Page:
mad woman – As fans have seen recently in songs like “The Man,” Swift has chosen to take another stab at the patriarchy by flipping the “crazy woman” stereotype on its head. Many fans believe this song is directed at the debacle with Scooter Braun who purchased her former label, Big Machine Records, and is now the owner of all of Swift’s former work (folklore and Lover are officially the two albums Taylor solely owns!). In this song, she challenges double standards, the act of gaslighting, and sexist language all within the plot of a cheating spouse. To say this is an artful representation of the problems in our society would be an outrageous understatement. This song has put into lyrics what so many have struggled to find words to express, which is a triumph in itself. Swift has also been able to call out these oppressive tendencies in a way that is both wildly clever and aesthetically pleasing. Well done, Taylor Swift!

epiphany – Although Swift has covered a range of difficult topics throughout folklore, “epiphany” may be the most emotionally-charged track on the album. She chose to confront the modern world head-on by describing a soldier dying on a war-stricken battlefield, as well as a woman suffering from COVID-19. Both scenes are tragic and devastating, but bring a sense of humanity back to those settings by emphasizing that they are happening to real people. I think this is such an important message to include in her music and I don’t think it could have come at a better time.

betty – In a heavily folk-inspired ballad, Swift takes on the voice of a young man who is caught in a love triangle (the love triangle songs are: “cardigan,”“august,” and “betty,” each from the perspective of one of the teenage lovers). This song explores the complicated narrative of both relationships and ultimately comments on the process of navigating love at a young age. I found it charming how accurately Swift was able to articulate the indecisive and unfiltered mind of a teenage boy. For this reason, “betty” is probably one of the most unique and whimsical narratives on the album.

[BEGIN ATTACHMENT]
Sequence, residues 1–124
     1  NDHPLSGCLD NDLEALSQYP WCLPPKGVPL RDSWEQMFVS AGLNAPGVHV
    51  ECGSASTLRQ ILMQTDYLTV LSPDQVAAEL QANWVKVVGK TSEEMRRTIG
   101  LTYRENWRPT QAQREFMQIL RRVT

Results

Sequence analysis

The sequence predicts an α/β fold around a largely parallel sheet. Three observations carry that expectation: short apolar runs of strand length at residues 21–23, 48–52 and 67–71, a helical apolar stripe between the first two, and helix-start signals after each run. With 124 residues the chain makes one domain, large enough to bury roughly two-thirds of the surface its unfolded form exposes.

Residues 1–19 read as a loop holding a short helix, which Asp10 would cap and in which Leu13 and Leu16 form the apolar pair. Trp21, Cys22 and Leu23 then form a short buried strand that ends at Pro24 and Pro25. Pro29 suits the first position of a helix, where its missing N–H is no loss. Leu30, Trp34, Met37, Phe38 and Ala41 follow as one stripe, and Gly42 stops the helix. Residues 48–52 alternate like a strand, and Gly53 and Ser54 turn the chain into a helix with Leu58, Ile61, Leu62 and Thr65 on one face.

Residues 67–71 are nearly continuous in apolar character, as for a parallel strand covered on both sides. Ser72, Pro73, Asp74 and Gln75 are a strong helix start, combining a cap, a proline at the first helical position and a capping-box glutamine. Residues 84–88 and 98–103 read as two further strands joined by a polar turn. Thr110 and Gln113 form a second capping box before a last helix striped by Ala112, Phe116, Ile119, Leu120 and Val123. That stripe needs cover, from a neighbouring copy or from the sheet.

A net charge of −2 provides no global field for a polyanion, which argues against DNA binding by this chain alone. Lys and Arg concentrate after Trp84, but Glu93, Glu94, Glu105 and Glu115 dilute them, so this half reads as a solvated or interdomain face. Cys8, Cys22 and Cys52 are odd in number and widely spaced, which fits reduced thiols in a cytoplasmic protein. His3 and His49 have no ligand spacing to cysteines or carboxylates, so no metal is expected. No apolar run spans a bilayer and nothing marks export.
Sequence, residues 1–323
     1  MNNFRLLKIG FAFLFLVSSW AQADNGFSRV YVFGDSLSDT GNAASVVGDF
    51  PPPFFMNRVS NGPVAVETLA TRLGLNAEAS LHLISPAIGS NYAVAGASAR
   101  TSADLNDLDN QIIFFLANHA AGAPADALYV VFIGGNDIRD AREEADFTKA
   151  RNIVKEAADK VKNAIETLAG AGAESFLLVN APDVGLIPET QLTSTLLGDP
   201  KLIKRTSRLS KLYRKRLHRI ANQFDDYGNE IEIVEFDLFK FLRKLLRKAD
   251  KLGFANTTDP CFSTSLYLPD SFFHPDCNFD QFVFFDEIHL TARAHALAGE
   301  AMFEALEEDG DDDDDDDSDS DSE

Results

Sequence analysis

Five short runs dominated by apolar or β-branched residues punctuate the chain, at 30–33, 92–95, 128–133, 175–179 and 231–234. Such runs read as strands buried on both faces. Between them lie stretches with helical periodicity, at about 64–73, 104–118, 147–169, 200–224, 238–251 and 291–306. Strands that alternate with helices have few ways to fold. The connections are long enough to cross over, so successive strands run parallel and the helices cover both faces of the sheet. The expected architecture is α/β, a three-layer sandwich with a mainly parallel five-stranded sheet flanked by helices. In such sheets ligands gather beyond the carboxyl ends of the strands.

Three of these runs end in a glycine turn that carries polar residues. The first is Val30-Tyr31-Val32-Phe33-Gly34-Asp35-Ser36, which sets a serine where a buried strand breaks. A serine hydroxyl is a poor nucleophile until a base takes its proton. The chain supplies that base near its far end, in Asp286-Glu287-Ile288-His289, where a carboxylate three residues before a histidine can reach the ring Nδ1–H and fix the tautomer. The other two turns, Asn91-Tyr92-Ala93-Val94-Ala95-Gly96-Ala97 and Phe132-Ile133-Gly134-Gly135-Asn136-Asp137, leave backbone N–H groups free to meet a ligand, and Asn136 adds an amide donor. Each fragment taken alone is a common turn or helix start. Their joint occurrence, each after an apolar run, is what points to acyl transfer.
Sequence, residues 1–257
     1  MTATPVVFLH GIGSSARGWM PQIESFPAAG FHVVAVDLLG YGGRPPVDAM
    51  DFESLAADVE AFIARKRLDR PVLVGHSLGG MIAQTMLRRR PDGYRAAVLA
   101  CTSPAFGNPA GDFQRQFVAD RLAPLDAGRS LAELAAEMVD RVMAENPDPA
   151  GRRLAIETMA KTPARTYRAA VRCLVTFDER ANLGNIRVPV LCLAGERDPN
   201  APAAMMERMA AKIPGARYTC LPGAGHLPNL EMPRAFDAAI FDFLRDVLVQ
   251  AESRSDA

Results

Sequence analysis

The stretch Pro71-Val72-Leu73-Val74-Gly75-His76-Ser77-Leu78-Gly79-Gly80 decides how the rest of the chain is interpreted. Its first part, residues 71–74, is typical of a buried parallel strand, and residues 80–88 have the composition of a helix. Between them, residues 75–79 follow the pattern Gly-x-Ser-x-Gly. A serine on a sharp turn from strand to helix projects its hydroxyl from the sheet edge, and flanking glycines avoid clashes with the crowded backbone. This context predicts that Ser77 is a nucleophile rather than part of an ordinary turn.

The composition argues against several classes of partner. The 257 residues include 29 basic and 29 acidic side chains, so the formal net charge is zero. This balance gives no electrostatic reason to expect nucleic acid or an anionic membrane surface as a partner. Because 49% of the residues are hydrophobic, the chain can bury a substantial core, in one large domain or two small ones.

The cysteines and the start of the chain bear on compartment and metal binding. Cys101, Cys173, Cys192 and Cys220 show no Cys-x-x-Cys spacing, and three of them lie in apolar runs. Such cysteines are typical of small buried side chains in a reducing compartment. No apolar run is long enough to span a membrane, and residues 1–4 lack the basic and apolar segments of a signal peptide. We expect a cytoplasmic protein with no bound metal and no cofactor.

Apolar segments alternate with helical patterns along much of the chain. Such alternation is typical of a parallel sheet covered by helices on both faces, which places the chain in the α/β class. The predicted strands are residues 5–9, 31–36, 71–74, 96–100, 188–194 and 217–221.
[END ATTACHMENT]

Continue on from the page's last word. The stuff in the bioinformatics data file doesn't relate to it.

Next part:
peace – As all fans know, Taylor Swift is no stranger to opening up about her romantic relationships. However, this song takes a more vulnerable approach in which she describes her own insecurities and shortcomings in her current relationship. Reality sets in when she is forced to reconcile her booming career with her desire to give her partner a peaceful life. The track touches on significant themes such as conflict, compromise, and acceptance throughout her monologue. As someone who has grown up listening to Taylor Swift, I appreciate how this song reveals how much her perspectives and priorities have changed over the years.

hoax – Swift ends her eighth album with the same emotional depth with which she started it. She uses a slow tempo and soft piano keys to contrast her subtly dark lyrics about a painful relationship. As always, Swift finds a way to make her songs deeply personal as well as universally relatable. With both beauty and melancholy, this song brings folklore to a close and leaves fans in rising anticipation of what her next words will be. Until then, we have folklore to cling onto until the next time she chooses to grace us with her music.

For more of Danielle's content, follow @danielle.golson